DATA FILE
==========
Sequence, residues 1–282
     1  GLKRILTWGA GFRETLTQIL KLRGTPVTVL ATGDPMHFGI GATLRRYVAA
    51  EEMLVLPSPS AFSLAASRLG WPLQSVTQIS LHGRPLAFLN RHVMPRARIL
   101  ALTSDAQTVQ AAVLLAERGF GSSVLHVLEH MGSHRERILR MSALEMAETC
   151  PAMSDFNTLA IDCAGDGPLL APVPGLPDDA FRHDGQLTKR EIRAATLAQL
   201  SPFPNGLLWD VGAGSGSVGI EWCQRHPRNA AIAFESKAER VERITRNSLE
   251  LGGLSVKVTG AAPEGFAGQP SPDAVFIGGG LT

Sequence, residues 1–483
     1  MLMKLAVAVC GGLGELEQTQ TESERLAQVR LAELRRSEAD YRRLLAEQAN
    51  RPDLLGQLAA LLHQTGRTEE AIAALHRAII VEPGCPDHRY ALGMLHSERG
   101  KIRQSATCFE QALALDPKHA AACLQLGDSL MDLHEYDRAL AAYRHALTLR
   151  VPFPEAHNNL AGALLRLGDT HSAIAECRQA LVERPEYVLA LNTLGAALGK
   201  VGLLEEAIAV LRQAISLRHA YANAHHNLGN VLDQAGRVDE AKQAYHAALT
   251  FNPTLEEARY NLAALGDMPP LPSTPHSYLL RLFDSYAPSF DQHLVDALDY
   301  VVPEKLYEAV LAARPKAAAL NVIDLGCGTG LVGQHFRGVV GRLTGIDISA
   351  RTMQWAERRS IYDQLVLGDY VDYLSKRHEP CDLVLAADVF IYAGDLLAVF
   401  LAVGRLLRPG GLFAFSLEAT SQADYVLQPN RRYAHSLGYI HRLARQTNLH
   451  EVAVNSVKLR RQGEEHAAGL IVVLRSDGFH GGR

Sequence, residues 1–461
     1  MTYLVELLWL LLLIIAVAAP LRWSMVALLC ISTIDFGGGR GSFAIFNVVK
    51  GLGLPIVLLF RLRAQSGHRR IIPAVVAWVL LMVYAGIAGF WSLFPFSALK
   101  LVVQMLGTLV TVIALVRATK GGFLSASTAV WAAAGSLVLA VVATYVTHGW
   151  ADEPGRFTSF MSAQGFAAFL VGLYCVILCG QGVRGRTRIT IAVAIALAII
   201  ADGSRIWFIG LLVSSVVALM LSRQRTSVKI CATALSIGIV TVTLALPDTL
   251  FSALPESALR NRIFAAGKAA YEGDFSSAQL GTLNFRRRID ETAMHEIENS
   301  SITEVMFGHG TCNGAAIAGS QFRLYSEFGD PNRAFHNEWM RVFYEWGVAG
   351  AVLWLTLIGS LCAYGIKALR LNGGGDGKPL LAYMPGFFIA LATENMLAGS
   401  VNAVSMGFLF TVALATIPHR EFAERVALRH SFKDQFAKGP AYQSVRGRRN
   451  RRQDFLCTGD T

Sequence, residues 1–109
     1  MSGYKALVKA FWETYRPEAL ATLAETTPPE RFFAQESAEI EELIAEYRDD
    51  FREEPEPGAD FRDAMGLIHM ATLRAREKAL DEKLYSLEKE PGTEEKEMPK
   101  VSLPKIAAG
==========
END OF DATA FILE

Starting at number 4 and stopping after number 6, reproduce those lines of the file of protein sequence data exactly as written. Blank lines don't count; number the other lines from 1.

   101  ALTSDAQTVQ AAVLLAERGF GSSVLHVLEH MGSHRERILR MSALEMAETC
   151  PAMSDFNTLA IDCAGDGPLL APVPGLPDDA FRHDGQLTKR EIRAATLAQL
   201  SPFPNGLLWD VGAGSGSVGI EWCQRHPRNA AIAFESKAER VERITRNSLE